Fixing Stupid

—  This article by Jerry Cates, first published on 11 November 2012, was last revised on 28 April 2014. © Govinthenews Vol. 3:11(1).


“Somewhere between the angels and the French lies the rest of humanity.” Mark Twain.


When Samuel Clemens penned the words quoted above he was not paying the French a compliment. The French were a favorite piñata for Twain’s spirited wit because of the jocular view that they lacked intellect. Of course we know — just as everyone knew in Samuel Clemens’ day — that the French are no dumber, or stupider, than the rest of mankind. All of us are regular victims of our own stupefying feats of brainlessness, and honest men and women admit it.

The problem is, too few of us are honest in our stupidity. It is that fact which brings us to the subject at hand.

Today’s common wisdom posits that “You can’t fix stupid.” That popular expression gets traction from two related truths. The first, known as the Darwin effect, is that some acts of stupidity are fatal. The second derives from the observation that some ingrained forms of stupidity are so resistant to remediation as to be, for all practical purposes, unfixable. It is fortunate for mankind that most stupid acts are not fatal, and few who engage in acts of stupidity are afflicted with such fundamental dullness that they cannot learn from their mistakes.

That, by the way, is the real work of one’s lifetime. I mean, of course, doing stupid things, then gaining wisdom from cleaning up the mess. It is what life is all about, not just for idiots, but for all of us. The more mistakes we make, the smarter we become. Rather than shunning such things we should welcome them.

That might be a new concept for you. If it is, fear not, for you are in the company of multitudes.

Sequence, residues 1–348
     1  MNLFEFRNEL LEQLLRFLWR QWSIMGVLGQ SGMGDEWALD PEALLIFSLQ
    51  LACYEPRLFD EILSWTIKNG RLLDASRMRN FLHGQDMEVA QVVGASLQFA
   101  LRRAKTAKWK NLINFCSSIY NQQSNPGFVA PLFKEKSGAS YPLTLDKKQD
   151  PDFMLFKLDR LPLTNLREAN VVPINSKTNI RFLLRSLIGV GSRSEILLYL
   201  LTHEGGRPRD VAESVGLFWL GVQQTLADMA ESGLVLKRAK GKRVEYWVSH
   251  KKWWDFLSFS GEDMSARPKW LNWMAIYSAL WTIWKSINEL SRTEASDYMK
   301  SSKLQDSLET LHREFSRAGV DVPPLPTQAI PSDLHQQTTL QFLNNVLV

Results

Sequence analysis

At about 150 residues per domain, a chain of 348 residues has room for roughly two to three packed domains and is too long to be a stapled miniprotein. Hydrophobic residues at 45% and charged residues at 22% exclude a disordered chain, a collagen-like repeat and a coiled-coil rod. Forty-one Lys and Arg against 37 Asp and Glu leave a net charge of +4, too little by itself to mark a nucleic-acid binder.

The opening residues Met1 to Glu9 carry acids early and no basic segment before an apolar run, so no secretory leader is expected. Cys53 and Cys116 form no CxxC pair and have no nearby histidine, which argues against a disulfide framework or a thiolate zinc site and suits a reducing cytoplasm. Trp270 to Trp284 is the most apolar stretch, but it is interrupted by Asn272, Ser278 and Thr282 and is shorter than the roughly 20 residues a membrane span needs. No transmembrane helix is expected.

Contrary to the published research of Mortimer J. Adler and others on the value of making mistakes, most of humanity persists in the belief that mistakes are the bane, and not the boon, of its existence. In 1941, writing in the Journal of Educational Sociology, Adler — buoyed by his access to over two thousand years of accumulated wisdom — presented an excellent case for the supposition that making even egregious mistakes spurs the learning process onward in positive ways (though in his later years he became what can only be described as his own worst example of that truth: see the footnote at the end of this article). If Adler was correct in 1941 — and the evidence indicates he is — each mistake we make should be cause for joyous celebration. But no, instead we tuck our tails, bite our upper lips, and hang our heads in shame.

The making of mistakes is, incidentally, the meaning of the word “experience.” The word is crafted by stringing two Latin roots together: ex- (from, out of), -peri- (that which is around, about, or near us); then adding to them the suffix -ence (pertaining to). Out of the trials and errors of our lives are borne our most realistic, and thus our most useful, concepts of living.

Experience is the act of living through an event, of being a part of it, and — most importantly — of learning something of lasting value in the process.  This explains why living an active life of experience — specifically one filled to the brim with mistakes — and the evolution of wisdom within the mind of the mistake-maker, are inextricably linked. The Scottish diarist, James Boswell, in his 1791 “Life of Samuel Johnston,” wrote that men are wise in proportion, not to their experience, but to their capacity for experience. Samuel Johnson had such a capacity, and because of his unabashed willingness to experience life, he became one of the most distinguished men of letters in English history.

The context here is not so much the fun, pleasant, happy times of our lives, but those sad, difficult, teeth-gritting ones — specifically those that come with loss and lack. Samuel Johnson knew of such, and that knowledge made him great. Today, however, our culture assiduously avoids pain, hardship, and poverty. That focus so mocks reality as to misrepresent it as something akin to a laughable myth. But reality is never mocked for long, and there is no humor in our failure to recognize that the more we suffer — the more difficult the path, and the harder we have to grit our teeth and spill our blood, sweat, and tears to reach our goals — the more we are apt to learn along the way.